Negotiation skills are important to get the best prices when looking for suppliers and venues, as are sales and marketing skills to promote the event and get sponsors. The role is very hands on meaning project management skills, attention to detail and the ability to problem solve are a must.
Discover what you could earn as an event manager.
You'll create exhibitions that look good, are practical, communicate the client's message and meet any space or budget limitations. Effective communication skills are a must, as you'll need to listen to the client's ideas and turn them into reality while adding some of your own suggestions.
Most employers require a degree in an art and design-related subject alongside a design portfolio and relevant work experience. Creative thinking, drawing skills and a good commercial understanding are just some of the skills you'll need to succeed.
Jobs are available in design companies, consultancies, larger museums and galleries. It's possible to go freelance but only after you build your portfolio and contacts through gaining experience.
Read about the responsibilities of an exhibition designer.
Fast food restaurant manager
It's your job to ensure your restaurant delivers high quality food and drink as well as good customer service. You could also be required to take care of finance, operations and sales as required.
Many managers start on the counter and work their way up but there are also opportunities to do a graduate scheme, degree level programme or apprenticeship. A combination of flexibility over when and where you work and commitment and drive can make progression to senior management level much quicker.
Salaries for assistant manager positions range from £18,500 to £25,000 increasing to £28,000 with experience. Those on graduate schemes tend to earn between £21,500 and £27,000, while general managers can earn up to £32,000.
Find out about the role of a fast food restaurant manager.
Public house manager
Front-of-house work, staff recruitment, accounting and stock control are just some of the duties of those managing a pub or bar. You may own your own premises or be employed by a brewery or pub chain to run the business, either way you'll need to get a personal licence to sell alcohol, which is gained through an accredited licensing qualification.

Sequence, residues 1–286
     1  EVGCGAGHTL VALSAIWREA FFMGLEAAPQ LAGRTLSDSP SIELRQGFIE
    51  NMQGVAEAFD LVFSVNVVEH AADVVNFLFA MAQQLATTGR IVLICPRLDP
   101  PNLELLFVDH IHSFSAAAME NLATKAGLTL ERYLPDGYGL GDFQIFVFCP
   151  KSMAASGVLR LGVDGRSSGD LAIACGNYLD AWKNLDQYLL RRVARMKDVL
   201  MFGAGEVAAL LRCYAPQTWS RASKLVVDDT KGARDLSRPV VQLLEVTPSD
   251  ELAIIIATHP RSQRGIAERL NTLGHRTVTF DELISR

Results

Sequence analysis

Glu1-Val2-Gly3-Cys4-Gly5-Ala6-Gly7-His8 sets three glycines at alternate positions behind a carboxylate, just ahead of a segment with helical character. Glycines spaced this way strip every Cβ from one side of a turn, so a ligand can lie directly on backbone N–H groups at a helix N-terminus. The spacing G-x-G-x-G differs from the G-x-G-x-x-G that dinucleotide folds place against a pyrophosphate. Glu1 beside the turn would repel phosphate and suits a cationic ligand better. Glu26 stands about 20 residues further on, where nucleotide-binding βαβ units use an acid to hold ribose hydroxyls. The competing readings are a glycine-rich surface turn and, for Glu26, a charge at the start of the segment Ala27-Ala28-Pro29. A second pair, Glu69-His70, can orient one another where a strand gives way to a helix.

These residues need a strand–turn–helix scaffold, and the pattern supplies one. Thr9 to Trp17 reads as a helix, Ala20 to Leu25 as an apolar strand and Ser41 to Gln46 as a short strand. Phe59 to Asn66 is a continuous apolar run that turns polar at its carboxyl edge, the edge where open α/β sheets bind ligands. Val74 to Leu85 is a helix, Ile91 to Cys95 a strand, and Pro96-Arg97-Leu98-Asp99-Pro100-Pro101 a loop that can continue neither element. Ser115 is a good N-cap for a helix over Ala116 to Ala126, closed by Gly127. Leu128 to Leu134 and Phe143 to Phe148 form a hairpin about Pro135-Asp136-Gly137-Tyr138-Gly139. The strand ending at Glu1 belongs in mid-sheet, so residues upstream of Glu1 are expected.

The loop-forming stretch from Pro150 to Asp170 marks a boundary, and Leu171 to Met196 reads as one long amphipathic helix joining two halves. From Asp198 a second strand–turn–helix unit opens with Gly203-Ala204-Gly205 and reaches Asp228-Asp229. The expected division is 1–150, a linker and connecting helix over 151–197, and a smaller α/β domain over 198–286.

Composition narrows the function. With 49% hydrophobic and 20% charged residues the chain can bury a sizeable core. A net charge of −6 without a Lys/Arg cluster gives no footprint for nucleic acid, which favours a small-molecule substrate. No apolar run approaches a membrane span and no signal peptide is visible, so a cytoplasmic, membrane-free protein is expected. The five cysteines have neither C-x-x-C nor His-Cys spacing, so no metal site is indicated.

Aside from the licence no formal qualifications are required and emphasis is often placed on work experience. If you’re entering the role through a graduate management scheme then you'll need a good degree in any subject.
Assistant pub managers can earn between £16,000 and £21,000 rising anywhere up to £35,000 for managers/licensees. In addition to this you may be offered subsidised meals and cheap or free accommodation, with some managers even living above the premises.
Take a look at the skills you'll need to be a public house manager.
You need to make sure that your restaurant runs efficiently and profitably while maintaining its good reputation. Quality standards, business performance and health and safety are all your responsibility, meaning you’ll require a good mix of business and creative skills.
The need to diplomatically deal with staff and customers means you'll require excellent interpersonal skills and the ability to problem solve. When managing a restaurant you'll need to deal with lots of different things at once, which can make the job challenging.
A degree isn't required for entry as experience is just as important. However, if you want to do a formal recruitment scheme then a degree in business, hospitality management or catering can be useful.
Learn more about the life of a restaurant manager.
Find out more
- See what the hospitality and events management sector has to offer.